BooksBOOKs: Title: "The Flying Boats of Bermuda" I am just coming to the end of writing a book recording the marine aviation of Bermuda: 1909 to 1987, and including the whole story of US Naval operations (1941 to 1964) from, initially, Darrel's Island and, later, the Naval Annex on the former Morgan's and Tucker's Islands. I have a really good amount of material on the USN marine aviation activities in Bermuda during the war years (VPs and the VSs) - attacks on submarines, air sea rescue missions, aircraft losses, operating procedures, etc - but so very little in the way of photographs. If any of your colleagues could help in any way, you can imagine just how grateful I would be (and, of course, will meet any costs). If the photographs were not specifically NAS Bermuda associated, anything would be a lot better than the virtual blank I have at the moment! VP Squadrons includ: VP-15 Coronado aircraft. May 1943 to May 1944; VP-51 Catalina aircraft. October to December 41; VP-52 Catalina aircraft. June 1942 to May 1943; VP-63 Catalina aircraft. Known to have been at Bermuda in March 1943; VP-74 Mariner aircraft. March to August 1942; VP-105 Catalina aircraft. "Sometime during 1943; VP-201 Mariner aircraft. May 1943 to June 1944; VP-207 Mariner aircraft. June 1944 to June 1945; and VP-215 Mariner aircraft. April 1944 to April 1945. Please contact Colin Pom CPomeroy@aol.com for further information.[29DEC98]

UPDATE "...The main chapters are: "The Early Years", "Darrell's Island - The Civil Story", "Darrell's Island - The RAF Story", "HMS Malabar - The Fleet Air Arm Base", "The United States Navy Operating Base", "The Final Years" and "Today in Bermuda". (VP-15,VP-45, VP-49, VP-51, VP-52, VP-63, VP-74, VP-105, VP-201, VP-207, VP-215, VS-32, and VS-35 all get referred to). There are 12 detailed annexes, including the only list that I have ever come across of Bermuda-Associated Flying Boat and Seaplane Losses. Perhaps of the most (but not only) interest to the VP Community will be the USNOB Chapter. It covers the years from 1940 to 1964 - the Second World War and the Cold War and Cuban Missile Crisis and includes the early days out on Darrell's Island before the NOB was completed. Incidentally, the first ever flight above Bermuda (1919) was flown by an ensign in the USN!..." Please contact Colin Pom CPomeroy@aol.com for further information. [30MAR2000]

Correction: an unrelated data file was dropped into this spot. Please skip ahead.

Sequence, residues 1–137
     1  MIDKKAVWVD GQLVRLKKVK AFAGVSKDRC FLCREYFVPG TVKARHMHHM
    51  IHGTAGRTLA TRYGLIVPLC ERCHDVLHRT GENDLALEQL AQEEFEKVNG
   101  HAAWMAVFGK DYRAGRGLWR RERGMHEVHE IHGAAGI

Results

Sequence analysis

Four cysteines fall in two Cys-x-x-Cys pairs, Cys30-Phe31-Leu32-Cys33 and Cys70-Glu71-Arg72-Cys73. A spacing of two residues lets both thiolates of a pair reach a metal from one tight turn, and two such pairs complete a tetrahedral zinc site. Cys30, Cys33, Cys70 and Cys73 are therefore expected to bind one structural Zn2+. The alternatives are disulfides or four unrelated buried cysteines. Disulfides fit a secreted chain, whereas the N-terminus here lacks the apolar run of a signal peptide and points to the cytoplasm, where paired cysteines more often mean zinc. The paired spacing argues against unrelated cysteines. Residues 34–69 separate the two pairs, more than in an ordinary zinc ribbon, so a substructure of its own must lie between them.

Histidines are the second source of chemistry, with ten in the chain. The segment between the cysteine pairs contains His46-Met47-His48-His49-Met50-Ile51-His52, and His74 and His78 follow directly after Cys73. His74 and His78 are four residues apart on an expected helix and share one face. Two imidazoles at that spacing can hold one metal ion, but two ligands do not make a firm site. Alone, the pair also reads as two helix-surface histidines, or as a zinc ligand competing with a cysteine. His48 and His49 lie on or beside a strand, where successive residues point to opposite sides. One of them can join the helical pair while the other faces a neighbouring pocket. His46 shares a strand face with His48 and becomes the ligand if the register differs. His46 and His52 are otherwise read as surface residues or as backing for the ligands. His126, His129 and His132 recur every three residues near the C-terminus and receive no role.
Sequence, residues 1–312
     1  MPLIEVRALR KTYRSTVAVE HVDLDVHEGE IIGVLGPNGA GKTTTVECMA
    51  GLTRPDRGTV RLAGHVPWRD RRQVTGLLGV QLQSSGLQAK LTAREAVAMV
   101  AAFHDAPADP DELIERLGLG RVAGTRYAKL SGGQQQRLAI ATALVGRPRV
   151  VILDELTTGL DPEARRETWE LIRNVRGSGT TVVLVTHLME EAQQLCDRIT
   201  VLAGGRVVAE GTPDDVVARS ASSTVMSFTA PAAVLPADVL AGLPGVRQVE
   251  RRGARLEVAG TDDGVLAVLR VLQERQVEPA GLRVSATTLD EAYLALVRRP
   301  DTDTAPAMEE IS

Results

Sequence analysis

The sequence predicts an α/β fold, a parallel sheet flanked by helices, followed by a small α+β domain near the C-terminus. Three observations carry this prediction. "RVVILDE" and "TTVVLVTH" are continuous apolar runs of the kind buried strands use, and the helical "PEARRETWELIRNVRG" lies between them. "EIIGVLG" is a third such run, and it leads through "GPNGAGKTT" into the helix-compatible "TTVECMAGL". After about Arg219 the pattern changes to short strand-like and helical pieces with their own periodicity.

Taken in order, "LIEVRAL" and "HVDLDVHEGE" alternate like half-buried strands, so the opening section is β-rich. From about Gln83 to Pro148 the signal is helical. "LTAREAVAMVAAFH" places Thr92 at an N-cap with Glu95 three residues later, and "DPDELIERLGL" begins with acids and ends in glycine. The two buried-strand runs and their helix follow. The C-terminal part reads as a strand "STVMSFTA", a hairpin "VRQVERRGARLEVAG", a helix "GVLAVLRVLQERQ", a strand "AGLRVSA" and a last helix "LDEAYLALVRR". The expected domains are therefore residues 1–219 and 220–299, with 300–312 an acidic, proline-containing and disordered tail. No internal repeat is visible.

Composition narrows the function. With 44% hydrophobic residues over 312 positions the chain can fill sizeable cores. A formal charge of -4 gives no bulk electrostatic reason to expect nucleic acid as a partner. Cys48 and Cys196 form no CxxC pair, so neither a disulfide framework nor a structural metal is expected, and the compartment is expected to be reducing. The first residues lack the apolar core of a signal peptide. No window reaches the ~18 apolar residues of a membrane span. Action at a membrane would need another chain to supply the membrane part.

UPDATE "...It has now been published! "The Flying Boats of Bermuda" tells the story of marine aviation in Bermuda from 1919 to 1987 - at war and in peace; military and civil; American, British and other nationalities - and runs to 254 pages with over 200 photographs, diagrams and charts (the vast majority of which have never been published before), and is complemented by a host of annexes on such topics as Bermuda-associated aircraft losses, communications and navigation, destination airports, the loss of "Cavalier", aircraft types and much more. The section on the USN at Darrell's Island and then at The Annex goes into great detail, with references to VP-15, VP-51, VP-52, VP-63, VP-74, VP-105, VP-201, VP-207, VP-215, VS-32, and VS-35 - plus, of course the post war squadrons VP-45 and VP-49. Reviewers have been very generous with their comments on the book. Full details of where to obtain the book ($27.50) from the author, Sqn Ldr Colin Pomeroy, RAF (Retd) at CPomeroy@aol.com..." [21JUN2002]


BooksBOOKs: Title: "Flying Cats: The Catalina Aircraft in World War II" by Andrew Hendrie [Squadrons mentioned include VP-6, VP-11, VP-13, VP-14, VP-22, VP-23, VP-24, VP-33, VP-34, VP-41, VP-42, VP-43, VP-44, VP-51, VP-52, VP-53, VP-62, VP-63, VP-71, VP-72, VP-73, VP-74, VP-83, VP-84, VP-91, VP-92, VP-94, VP-101, VP-102, FAW-4, FAW-5, FAW-7, and FAW-17, etc.]


BooksBOOKs: Title: "PBM Mariner in Action Including the Martin P5M Marlin, JRM MARS and P6M Seamaster Number 74" [VP-7, VP-14, VP-16, VP-17, VP-18, VP-19, VP-21, VP-26, VP-31, VP-32, VP-45, VP-47, VP-48, VP-50, VP-55, VP-74, VP-202, VP-206, VP-211, VP-216, etc.] [23DEC99]


Squadron Ball Cap Thumbnail VP-74 Squadron Insignia Cap - White/Navy Blue - One Size Fits All "...My dad served with VP-74 as an Aviation Machinist Mate 1st Class. Dad was the flight engineer/turret gunner on the PBM Mariner. (His name was Ray Carson Martin from Hamilton, North Dakota.)...My aviation artist friend Jim Stovall created a new rendering of the old VP-74 logo using Corel Draw. We took the design from the original key fob dad brought back from the war...I have the ability to produce caps with the VP-74 logo on them and will be selling them if anyone is interested..." Contributed by Neal L. Martin martin@gra.midco.net [E-Mail Updated 02MAY2004 | E-Mail Updated 10JUL2000 | 31MAY99]